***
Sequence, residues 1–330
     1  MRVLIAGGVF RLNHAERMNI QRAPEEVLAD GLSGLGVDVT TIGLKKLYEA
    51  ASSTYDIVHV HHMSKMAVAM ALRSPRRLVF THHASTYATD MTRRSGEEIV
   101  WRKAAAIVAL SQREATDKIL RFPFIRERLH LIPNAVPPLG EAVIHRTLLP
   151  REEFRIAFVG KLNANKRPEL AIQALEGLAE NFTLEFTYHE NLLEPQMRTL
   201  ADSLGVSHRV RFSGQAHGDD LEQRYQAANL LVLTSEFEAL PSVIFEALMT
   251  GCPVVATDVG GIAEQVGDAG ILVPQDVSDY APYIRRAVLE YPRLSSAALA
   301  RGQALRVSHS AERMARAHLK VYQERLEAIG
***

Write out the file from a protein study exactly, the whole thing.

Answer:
Sequence, residues 1–330
     1  MRVLIAGGVF RLNHAERMNI QRAPEEVLAD GLSGLGVDVT TIGLKKLYEA
    51  ASSTYDIVHV HHMSKMAVAM ALRSPRRLVF THHASTYATD MTRRSGEEIV
   101  WRKAAAIVAL SQREATDKIL RFPFIRERLH LIPNAVPPLG EAVIHRTLLP
   151  REEFRIAFVG KLNANKRPEL AIQALEGLAE NFTLEFTYHE NLLEPQMRTL
   201  ADSLGVSHRV RFSGQAHGDD LEQRYQAANL LVLTSEFEAL PSVIFEALMT
   251  GCPVVATDVG GIAEQVGDAG ILVPQDVSDY APYIRRAVLE YPRLSSAALA
   301  RGQALRVSHS AERMARAHLK VYQERLEAIG